Donald Trump's Legal Woes Intensify as Judge Denies Pause on Jan. 6 Lawsuits

Courts challenge Trump's immunity claims in ongoing legal battles.

by Nouman Rasool
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Donald Trump's Legal Woes Intensify as Judge Denies Pause on Jan. 6 Lawsuits
© Jabin Botsford - Pool/Getty Images

Late Thursday, a federal judge rejected an attempt by former President Donald Trump to delay hundreds of lawsuits accusing him of inciting the January 6 insurrection at the US Capitol. In Washington, US District Judge Amit Mehta said there was no basis to stay the civil cases until and unless Trump is ever actually prosecuted on charges that he tried to 'steal' the 2020 election in an earlier criminal case that's been related to the sprawling legal assault.

The latest judicial blow further complicates things for Trump, the front-runner for the Republican presidential nomination. He is facing another legal battle, as jury selection is underway this week in New York for a criminal trial on alleged hush-money payments by his 2016 campaign.

Democratic lawmakers and Capitol police officers said they were traumatized and injured by the pro-Trump mob that attacked the Capitol on January 6, 2021. The claimants say that Trump incited the insurrection to stop the certification of the election of President Joe Biden.

Immunity Defense Rejected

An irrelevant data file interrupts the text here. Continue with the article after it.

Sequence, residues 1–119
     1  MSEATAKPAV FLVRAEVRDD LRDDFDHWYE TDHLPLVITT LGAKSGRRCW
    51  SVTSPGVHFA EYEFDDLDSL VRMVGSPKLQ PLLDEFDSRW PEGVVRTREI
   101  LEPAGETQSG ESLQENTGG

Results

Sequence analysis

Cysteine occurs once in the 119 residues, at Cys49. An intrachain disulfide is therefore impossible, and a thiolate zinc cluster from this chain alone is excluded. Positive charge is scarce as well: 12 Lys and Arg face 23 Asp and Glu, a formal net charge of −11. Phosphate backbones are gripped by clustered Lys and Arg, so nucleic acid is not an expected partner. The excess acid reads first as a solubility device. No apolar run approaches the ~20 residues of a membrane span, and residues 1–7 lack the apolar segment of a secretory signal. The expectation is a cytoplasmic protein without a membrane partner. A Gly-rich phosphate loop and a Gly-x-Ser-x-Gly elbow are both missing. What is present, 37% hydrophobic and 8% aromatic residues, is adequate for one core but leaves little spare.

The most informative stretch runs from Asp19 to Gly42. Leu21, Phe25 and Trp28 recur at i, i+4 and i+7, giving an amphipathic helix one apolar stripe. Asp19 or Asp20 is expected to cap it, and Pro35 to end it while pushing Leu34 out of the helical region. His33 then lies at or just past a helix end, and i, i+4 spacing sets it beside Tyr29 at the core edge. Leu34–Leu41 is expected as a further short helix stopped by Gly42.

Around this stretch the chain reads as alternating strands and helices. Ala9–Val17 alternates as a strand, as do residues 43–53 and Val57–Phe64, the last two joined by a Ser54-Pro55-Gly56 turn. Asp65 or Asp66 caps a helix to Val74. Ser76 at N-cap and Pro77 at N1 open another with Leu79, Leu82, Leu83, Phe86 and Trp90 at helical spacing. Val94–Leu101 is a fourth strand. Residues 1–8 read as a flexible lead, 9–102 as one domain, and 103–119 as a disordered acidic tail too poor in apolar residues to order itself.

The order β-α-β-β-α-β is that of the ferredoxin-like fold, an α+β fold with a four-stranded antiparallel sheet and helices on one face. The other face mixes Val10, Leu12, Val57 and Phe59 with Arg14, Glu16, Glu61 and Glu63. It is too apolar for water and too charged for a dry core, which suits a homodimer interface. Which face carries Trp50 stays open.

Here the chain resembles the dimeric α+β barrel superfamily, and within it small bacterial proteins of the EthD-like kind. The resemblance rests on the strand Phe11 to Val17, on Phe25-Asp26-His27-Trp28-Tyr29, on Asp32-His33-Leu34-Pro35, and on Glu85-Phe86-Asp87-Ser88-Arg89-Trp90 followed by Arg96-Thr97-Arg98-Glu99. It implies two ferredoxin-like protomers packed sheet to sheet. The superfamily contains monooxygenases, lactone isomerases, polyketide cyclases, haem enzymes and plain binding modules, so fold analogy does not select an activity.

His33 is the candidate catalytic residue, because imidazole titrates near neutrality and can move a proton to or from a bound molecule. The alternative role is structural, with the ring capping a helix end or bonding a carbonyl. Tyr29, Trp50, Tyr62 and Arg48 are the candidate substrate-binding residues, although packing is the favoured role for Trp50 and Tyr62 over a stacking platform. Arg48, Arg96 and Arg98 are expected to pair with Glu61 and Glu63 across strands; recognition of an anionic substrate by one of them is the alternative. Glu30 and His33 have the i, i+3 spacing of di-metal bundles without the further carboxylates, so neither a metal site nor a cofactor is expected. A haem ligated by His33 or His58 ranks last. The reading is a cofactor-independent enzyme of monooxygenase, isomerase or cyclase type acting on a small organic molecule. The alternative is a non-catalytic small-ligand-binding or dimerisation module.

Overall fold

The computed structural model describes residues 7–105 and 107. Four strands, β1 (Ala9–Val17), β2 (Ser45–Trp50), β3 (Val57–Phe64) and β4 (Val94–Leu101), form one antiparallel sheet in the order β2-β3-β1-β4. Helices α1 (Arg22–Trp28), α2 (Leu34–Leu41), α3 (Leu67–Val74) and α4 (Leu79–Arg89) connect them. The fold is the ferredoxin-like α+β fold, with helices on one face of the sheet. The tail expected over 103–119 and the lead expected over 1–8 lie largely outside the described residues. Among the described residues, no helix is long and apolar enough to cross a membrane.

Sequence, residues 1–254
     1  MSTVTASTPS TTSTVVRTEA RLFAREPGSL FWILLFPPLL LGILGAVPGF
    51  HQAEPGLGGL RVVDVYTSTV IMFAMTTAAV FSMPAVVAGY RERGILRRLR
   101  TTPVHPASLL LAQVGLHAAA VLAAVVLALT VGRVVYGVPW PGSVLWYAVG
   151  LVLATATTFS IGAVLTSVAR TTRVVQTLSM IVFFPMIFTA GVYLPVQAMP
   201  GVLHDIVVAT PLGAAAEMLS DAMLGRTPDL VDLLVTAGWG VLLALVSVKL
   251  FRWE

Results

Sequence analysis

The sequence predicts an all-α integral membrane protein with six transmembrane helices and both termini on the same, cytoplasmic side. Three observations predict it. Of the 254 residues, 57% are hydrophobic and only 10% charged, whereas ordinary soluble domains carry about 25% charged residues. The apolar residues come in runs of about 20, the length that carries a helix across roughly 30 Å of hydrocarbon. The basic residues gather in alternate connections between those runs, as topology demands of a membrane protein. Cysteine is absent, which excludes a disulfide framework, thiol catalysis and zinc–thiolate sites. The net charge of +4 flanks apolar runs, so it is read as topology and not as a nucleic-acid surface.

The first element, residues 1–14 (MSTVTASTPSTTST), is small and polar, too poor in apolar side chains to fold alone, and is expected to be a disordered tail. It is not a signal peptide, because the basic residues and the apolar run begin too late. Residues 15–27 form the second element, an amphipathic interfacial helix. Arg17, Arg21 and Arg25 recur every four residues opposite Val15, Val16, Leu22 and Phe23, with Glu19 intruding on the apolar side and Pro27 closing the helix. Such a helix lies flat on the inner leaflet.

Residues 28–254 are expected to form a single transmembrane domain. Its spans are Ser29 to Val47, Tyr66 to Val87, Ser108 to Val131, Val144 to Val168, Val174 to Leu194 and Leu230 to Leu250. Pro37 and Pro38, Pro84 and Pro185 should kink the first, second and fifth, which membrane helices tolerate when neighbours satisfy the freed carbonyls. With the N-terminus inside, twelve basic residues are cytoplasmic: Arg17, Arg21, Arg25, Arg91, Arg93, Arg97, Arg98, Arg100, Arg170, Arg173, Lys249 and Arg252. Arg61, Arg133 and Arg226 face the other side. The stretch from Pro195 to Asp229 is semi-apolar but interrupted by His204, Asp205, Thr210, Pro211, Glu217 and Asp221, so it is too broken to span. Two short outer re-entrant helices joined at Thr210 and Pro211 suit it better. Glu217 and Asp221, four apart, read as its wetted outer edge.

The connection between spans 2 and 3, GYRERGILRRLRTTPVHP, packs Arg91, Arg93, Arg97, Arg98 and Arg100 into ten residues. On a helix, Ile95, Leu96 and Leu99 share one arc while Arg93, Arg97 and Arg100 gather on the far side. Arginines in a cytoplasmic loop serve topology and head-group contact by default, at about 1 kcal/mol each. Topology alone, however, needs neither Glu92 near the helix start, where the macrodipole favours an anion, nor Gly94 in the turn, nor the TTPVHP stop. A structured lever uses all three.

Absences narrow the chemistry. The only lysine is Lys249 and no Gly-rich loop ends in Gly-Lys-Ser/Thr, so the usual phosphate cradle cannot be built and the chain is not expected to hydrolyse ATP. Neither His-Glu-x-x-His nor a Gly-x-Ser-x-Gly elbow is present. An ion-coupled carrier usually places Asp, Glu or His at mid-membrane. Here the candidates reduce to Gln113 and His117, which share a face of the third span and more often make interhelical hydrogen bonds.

Trump's lawyers have also argued that the former president is entitled to such immunity from litigation under the doctrine of absolute presidential immunity and that the speech before the riot was of public concern.

A federal appeals court in Washington rejected those arguments in a December decision that advanced the lawsuits while finding Trump still has a right to press his immunity defense as the cases move forward. In other recent court filings, Trump's legal team has sought to stop the civil cases under appeal, arguing that it is just "basic fairness to criminal defendants." They have worried that moving forward in the lawsuits would reveal the plans for Trump's defense in the criminal case.

Judge Mehta, an appointee of Barack Obama, emphasized the interest of the public to have both civil and criminal cases resolved as quickly as possible. He said safeguards could be in place to protect Trump's Fifth Amendment right without stalling the two lawsuits.

Next week, the Supreme Court will consider the dispute over Trump's immunity from criminal prosecution for the election interference case, being conducted by special counsel Jack Smith. What is at issue is simply whether Trump will be subject to trial on prosecutors' charges that he orchestrated an extensive effort to remain in office after losing the 2020 election. These related legal fights will dramatically affect Trump's political and personal future.

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